LABOUR HISTORY PROJECT | NEWSLETTER 54
type’ museum built there to bolster their own presence and further arouse public interest in a large-scale fully-operating trade-based New Zealand historical industry. “We approached Greater Wellington Regional Council after 20 years of banging our heads against the wall in the Hutt Valley and Wellington and were just about to give up.” Two sites are presently being considered in the proposed Heritage Precinct. The Printing Museum is a charitable trust established in 1984. Today members come from Wellington, Auckland, Hamilton, New Plymouth and Dunedin. It publishes a semi-monthly newsletter with news of the Trust’s activities, histories of some of its celebrated printing presses, and published items from early NZ newspapers. Its website (www.theprintingmuseum.org.nz) links to copies of past newsletters, the trust’s relationship with universities and polytechnics and photographs of early printing equipment in the collection. The Printing Museum has built up the largest and most comprehensive collection of working letterpress printing machinery and associated equipment in NZ, some of it dating back to 1840. “The development of the printing industry in New Zealand can justly be said to mirror our nation’s history,” according to the site’s future page. “We are determined that the principles and processes should not be lost.” Being isolated and distant, New Zealand was very dependent on a printing industry to help establish a unified country. The main objectives of the society, apart from preserving the nation’s letterpress printing heritage, is to encourage an understanding of the rapidly increasing ‘revolutionary waves of technology’ that have changed the world of printing (and printers!), and in turn, introduced mass communication, and helped provide universal information and education. Printing started with the invention of moveable type 500 years ago. Centuries later the invention of the rotary press and the famous Linotype precluded hand setting. In our own recent memory, computerised typesetting and offset lithographic printing, and more recently, digital printing have all reduced labour input. At the turn of last century, printers, photo lithographers, compositors (typographers), bindery workers, photoengravers and book binders were distinctly separate trades, and each had their own trade union. In fact, some 20 trade unions involved with printing (some from different areas of the country), are noted in Peter Franks’ definitive Print & Politics, A History of Trade Unions in the New Zealand Printing Industry, 1865 – 1995. By the beginning of WWII, most of these unions (including Women’s Printers’ Assistants), had amalgamated into the powerful NZ Printing and Related Trades Industrial Union of Workers. Some 50 years later, seriously weakened by new waves of labour-saving technology, corporate restructuring, and very unsympathetic governments, virtually all unions connected with printing, including the former journalists’ Jagpro union, photo engravers and packaging workers merged into the country’s largest industrial union, the NZ Amalgamated Engineering, Printing and Manufacturing Union (EPMU).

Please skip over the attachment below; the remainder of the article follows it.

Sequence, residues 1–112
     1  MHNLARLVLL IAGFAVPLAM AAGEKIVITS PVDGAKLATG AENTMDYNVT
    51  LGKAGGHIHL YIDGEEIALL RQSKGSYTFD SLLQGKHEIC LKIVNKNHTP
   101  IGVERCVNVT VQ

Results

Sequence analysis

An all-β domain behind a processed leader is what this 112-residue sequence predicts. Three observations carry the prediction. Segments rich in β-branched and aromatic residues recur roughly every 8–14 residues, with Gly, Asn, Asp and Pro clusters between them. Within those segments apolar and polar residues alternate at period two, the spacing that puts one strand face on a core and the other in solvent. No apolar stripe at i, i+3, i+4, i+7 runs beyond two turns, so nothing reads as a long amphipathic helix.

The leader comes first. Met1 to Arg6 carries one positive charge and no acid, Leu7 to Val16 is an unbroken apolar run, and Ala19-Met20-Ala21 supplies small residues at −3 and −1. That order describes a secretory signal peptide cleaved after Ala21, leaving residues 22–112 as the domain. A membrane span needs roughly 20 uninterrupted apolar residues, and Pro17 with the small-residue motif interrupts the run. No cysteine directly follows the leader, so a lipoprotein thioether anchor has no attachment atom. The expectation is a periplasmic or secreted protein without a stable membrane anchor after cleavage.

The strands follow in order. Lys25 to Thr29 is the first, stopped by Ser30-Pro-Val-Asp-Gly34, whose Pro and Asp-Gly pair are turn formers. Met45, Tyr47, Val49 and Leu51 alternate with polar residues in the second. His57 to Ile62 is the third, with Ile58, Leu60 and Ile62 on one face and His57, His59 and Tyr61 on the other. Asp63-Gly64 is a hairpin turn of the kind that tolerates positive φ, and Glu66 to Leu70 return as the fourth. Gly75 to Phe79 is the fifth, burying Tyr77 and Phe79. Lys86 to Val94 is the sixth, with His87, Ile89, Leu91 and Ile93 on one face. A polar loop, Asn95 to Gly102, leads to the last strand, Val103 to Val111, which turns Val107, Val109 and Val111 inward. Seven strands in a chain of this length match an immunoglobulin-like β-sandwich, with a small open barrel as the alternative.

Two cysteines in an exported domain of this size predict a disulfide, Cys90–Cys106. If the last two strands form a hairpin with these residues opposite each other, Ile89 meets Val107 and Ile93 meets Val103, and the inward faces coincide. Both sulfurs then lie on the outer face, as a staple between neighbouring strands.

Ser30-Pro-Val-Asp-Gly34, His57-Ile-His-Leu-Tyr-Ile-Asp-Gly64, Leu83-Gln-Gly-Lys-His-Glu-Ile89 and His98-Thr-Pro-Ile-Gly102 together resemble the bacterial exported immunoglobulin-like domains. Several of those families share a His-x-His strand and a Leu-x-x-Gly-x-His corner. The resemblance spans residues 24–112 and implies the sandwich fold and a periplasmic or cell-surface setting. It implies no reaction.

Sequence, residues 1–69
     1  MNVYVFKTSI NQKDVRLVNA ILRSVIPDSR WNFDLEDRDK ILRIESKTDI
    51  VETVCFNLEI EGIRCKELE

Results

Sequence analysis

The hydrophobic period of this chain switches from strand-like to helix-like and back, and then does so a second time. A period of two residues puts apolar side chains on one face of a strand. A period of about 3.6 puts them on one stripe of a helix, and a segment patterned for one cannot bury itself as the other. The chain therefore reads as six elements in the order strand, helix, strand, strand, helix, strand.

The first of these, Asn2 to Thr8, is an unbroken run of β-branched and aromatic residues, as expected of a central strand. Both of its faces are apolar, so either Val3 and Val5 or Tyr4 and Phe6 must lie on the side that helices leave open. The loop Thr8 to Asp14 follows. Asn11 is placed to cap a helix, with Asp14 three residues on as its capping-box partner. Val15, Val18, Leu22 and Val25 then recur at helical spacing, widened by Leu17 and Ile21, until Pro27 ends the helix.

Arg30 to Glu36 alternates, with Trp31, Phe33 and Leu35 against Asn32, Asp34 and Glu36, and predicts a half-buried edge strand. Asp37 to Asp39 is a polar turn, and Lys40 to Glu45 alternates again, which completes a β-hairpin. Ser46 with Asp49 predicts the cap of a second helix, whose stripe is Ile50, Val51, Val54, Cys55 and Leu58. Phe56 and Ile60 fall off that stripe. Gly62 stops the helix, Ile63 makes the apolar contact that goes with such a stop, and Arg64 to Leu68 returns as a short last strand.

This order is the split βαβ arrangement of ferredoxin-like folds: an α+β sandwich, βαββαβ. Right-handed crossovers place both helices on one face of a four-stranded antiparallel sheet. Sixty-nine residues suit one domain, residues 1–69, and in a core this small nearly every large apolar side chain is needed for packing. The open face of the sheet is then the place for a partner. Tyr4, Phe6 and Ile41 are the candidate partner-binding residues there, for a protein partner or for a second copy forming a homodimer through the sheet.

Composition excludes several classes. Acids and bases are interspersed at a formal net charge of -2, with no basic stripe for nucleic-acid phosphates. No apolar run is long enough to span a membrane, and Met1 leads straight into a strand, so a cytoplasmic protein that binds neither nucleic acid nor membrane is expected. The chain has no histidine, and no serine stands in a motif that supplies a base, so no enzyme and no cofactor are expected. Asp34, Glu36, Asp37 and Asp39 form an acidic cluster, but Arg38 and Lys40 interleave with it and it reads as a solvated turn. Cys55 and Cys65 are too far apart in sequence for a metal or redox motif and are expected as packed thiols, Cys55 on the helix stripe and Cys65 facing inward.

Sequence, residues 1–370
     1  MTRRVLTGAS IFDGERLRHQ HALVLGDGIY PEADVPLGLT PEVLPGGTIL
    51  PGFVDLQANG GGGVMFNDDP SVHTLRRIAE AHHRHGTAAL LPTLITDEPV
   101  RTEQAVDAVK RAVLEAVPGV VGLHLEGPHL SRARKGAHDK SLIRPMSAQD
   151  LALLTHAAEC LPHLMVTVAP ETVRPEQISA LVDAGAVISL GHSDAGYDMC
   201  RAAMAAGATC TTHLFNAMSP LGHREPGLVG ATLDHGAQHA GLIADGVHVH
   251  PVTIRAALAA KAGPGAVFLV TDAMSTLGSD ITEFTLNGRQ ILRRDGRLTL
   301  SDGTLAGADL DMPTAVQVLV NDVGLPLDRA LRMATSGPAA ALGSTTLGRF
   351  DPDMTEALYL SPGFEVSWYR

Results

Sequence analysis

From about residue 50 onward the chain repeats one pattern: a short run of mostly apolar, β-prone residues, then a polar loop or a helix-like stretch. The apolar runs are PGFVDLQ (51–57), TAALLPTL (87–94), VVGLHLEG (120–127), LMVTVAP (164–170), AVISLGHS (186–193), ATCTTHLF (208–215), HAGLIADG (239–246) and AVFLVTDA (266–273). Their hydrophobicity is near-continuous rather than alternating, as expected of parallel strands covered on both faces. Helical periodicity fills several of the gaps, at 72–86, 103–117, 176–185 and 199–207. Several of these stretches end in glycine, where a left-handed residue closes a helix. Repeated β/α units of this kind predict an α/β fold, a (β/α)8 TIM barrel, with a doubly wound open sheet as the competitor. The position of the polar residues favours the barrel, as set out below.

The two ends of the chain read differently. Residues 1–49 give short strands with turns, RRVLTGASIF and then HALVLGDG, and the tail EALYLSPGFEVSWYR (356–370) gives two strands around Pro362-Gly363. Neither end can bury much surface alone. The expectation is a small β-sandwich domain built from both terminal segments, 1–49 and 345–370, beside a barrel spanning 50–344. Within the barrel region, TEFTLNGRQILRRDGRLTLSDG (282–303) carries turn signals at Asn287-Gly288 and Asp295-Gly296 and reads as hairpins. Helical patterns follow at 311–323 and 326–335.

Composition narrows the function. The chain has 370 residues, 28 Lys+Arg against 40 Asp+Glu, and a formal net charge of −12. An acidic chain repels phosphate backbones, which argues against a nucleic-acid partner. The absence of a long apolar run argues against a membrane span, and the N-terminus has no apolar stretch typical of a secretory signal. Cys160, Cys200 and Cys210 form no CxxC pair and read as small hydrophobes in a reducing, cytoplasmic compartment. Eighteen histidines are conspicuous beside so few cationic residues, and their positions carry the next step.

Newsletter of the Labour History Project, New Zealand.